When you enter into any agreement it’s important to have full knowledge of what you’re committing to. This is especially the case when it comes to the purchase or rental of a property. When you sign a contract you are binding yourself to a legal agreement when you will have certain rights and obligations.
The first rule is to read the contract thoroughly. Under the Consumer Protection Act, the contract needs to be in plain language that the average person can understand. If it’s not, then insist on an explanation of any clause where you’re not sure of the meaning.
Next, make sure you fully understand what the costs are that you are committing to. These will include a purchase price or rental amount. Also be sure to understand the additional costs. What are the transfer duties, bond costs, and attorney fees? For a rental, what are your lease or administration costs? What is the deposit you need to pay, and by when must it be paid?
If you’re needing finance be sure to include the amount of finance you need. There will be an obligation on you to have the finance approved by a certain date – so make sure you have all your supporting documentation ready and that you apply as soon as you can.
There will also be important clauses that relate to when you actually take occupation or possession of a property. Understand the timing, and what needs to be done before you move in.
In most contracts, there will be a breach clause that states what will happen if you are in breach of the agreement. Be sure to understand fully what the consequences are if you are in breach and what you stand to lose.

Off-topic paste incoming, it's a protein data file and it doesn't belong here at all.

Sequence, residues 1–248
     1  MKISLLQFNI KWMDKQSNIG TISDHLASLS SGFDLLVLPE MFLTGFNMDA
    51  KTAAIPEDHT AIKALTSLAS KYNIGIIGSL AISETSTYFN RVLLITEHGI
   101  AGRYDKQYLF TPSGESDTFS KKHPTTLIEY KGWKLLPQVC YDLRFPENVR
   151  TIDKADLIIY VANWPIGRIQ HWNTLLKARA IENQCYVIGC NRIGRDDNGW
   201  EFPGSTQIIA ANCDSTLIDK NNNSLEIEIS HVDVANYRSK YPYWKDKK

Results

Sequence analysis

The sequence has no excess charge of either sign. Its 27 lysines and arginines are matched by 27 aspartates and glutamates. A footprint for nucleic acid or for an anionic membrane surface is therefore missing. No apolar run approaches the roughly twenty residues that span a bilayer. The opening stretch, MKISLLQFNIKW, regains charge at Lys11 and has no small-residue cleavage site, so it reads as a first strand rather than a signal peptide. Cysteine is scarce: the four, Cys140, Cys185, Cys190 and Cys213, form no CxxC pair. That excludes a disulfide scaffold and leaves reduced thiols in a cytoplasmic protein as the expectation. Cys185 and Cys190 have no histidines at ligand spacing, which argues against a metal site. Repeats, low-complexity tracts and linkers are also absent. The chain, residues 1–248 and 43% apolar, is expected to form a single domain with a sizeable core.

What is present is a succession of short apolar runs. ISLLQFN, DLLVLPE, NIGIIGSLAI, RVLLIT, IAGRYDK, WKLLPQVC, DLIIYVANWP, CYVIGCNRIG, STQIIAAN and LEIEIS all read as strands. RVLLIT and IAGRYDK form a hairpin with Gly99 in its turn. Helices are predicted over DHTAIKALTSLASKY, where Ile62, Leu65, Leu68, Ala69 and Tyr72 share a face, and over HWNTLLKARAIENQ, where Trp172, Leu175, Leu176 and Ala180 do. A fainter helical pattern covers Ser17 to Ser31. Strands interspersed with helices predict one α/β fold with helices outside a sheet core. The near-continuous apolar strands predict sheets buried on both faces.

When it comes to the sale or purchase of a property, it’s vital to know if there are any exclusions or inclusions. It is increasingly common to find out that a property may have alterations made to it without the municipality approving the plans. If you’re the buyer, ask to see the plans. You need to be aware if there are no approved plans as the onus will pass to you on transfer to comply with municipal regulations.
When it comes to property rental, most of the disagreements between outgoing tenants and the landlord (or their agent) relate to damage to the property. An inspection should have been carried out when you moved in. If there is damage that you have caused you will be liable to have this rectified at your cost. So anticipate this and have the work done in good time so as not to delay the repayment of your deposit.
Where there is a need for special conditions to be added ensure that they are correctly drafted to cover exactly what the intention is. A badly worded clause can lead to confusion, disputes, and additional costs for someone to absorb.
Once you fully understand what you are committing to then sign the contract and move swiftly to ensure you comply with your obligations.
Principal, Harcourts Platinum